Pussy Riot Could Be Freed October 1, As Russian Prime Minister Medvedev Calls For Release
Pussy Riot Could Be Freed October 1, As Russian Prime Minister Medvedev Calls For Release

As the Internet lit up Friday in the wake of Pussy Riot's sentencing to a two-year prison term for performing a song critical of Russian leader Vladimir Putin, you may have noticed (as we did) that although the group's music was readily available on its MySpace page and YouTube, it was notably absent from iTunes and streaming services.

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Well, that situation ended yesterday, when Slacker announced it added the tracks "Kill the Sexist," "Putin Wet Himself," (from Putin Wet Himself, copyright 2012), "Kropotkin Vodka" and "Deliver Pavement" to its catalog as well as its "Protest Radio" station. How an Internet radio service came to play a Russian band that has no commercially available music in the U.S. gets to the very heart of webcasting in the U.S.

An on-demand subscription service like Spotify or Rhapsody, or a download store like iTunes, would need to acquire the rights to commercial music from an intermediary -- most likely a digital distributor -- and ingest the digital files before being able to stream or sell them. This can be a slow process (see Rdio's licensing deals with TuneCore and CD Baby two years after its U.S. launch) but ensures rights are respected.

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While on-demand music services wait to ingest catalogs, webcasters ingest catalogs at will. A U.S. webcaster can stream a track that has not been commercially released. The statutory license given to webcasters allows them to pay a fixed performance royalty for any sound recording that meets the Copyright Act's broad definition.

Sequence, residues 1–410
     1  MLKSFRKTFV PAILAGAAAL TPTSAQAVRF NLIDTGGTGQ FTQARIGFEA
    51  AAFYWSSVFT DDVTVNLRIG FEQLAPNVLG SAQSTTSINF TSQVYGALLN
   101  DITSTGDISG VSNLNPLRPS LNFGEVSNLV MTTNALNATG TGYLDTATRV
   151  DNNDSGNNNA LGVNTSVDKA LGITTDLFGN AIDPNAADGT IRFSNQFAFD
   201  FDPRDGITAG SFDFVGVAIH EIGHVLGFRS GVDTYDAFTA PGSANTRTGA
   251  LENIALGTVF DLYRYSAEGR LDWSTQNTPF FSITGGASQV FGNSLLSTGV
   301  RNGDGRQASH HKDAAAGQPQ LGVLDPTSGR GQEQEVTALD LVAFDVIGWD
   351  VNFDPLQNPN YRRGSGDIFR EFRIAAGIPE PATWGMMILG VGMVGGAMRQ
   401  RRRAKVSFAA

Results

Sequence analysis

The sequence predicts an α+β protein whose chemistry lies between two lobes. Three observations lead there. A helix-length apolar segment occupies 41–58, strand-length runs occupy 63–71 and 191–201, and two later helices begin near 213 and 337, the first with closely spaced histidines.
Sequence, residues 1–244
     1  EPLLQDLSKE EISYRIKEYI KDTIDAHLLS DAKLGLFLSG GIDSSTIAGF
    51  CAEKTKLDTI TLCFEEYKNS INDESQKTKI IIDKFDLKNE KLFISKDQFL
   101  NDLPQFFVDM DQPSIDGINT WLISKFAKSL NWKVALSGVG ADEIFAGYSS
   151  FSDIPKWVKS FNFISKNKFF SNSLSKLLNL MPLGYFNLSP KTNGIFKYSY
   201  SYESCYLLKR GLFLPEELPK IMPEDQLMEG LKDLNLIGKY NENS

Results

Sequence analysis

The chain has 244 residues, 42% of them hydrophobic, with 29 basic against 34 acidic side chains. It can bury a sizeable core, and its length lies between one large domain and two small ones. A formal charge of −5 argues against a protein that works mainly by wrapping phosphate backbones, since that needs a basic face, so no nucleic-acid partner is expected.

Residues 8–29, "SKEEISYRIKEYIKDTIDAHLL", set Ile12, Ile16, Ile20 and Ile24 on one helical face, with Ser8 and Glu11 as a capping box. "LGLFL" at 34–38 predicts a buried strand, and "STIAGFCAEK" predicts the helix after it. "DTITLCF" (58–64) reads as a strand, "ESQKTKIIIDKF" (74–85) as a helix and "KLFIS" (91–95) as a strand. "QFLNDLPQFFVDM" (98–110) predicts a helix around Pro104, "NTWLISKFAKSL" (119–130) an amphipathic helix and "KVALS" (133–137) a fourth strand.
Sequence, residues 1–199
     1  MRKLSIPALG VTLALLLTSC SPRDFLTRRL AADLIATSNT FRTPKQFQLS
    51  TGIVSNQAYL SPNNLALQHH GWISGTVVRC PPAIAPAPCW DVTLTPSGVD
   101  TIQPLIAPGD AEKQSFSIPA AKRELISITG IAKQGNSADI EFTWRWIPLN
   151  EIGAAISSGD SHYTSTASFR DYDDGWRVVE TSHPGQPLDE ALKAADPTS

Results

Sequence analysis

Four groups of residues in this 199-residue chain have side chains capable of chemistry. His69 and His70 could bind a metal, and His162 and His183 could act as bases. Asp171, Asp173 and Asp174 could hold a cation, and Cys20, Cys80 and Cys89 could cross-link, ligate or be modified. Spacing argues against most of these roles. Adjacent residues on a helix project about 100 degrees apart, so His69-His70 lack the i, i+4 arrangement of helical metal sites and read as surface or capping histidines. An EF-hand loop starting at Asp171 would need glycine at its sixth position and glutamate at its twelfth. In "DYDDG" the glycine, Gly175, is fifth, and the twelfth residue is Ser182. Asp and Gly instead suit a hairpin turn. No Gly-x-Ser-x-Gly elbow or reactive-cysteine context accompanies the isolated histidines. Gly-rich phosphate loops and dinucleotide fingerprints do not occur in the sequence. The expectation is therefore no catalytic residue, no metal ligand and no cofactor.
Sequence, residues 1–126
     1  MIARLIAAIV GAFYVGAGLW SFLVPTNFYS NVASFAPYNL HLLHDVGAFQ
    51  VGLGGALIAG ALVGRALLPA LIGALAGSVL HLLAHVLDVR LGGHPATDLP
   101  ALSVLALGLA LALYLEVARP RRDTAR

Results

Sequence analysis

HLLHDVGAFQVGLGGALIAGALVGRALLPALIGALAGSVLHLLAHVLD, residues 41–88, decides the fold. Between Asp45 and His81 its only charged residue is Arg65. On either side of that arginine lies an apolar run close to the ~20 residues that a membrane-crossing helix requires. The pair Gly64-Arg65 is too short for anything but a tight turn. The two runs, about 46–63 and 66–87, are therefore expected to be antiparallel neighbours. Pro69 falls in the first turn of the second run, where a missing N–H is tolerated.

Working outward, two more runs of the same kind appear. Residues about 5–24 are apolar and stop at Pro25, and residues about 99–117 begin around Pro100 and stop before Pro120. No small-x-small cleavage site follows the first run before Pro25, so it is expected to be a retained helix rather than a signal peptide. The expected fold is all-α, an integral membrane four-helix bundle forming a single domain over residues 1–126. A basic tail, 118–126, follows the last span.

The Copyright Act states that a sound recording must be "distributed to the public under the authority of the copyright owner or the copyright owner authorizes the transmitting entity to transmit the sound recording" does not require the recordings to be either commercial releases or released in the U.S. And entertainment attorney Christian Castle explains, "there's a very broad term of distributed." As best as I can tell, if the song it out there in the public, it has been distributed according to Section 114.

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As for the copies themselves, Castle says they are of more concern of the copyright holders then SoundExchange, the organization that collects performance royalties related to sound recordings. And rightly so, he notes. "SoundExchange does not concern itself with how the copies came to being. They concern themselves with the royalties being paid."